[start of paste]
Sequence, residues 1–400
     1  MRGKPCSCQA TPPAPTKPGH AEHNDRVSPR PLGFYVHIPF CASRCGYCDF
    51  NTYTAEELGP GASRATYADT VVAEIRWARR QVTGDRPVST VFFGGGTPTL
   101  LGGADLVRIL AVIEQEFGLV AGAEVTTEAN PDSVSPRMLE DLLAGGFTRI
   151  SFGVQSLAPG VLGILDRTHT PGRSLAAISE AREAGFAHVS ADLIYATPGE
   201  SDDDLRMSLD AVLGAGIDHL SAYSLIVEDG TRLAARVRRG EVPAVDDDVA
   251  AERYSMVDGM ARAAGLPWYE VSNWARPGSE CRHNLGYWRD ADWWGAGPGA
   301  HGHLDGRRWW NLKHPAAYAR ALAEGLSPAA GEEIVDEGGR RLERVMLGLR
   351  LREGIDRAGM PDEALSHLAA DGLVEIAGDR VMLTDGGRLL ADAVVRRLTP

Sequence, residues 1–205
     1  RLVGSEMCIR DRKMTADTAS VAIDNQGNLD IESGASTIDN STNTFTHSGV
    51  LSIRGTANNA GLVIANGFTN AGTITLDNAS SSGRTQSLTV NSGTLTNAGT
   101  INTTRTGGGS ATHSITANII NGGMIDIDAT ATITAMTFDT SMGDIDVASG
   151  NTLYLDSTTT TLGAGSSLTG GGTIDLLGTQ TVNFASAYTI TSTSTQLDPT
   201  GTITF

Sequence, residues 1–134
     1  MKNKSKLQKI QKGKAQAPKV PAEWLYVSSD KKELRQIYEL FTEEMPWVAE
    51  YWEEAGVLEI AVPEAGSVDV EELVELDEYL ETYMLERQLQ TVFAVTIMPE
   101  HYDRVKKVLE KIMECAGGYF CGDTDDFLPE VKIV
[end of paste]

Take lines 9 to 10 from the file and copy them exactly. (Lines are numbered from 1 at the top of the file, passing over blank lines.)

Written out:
   351  LREGIDRAGM PDEALSHLAA DGLVEIAGDR VMLTDGGRLL ADAVVRRLTP

Sequence, residues 1–205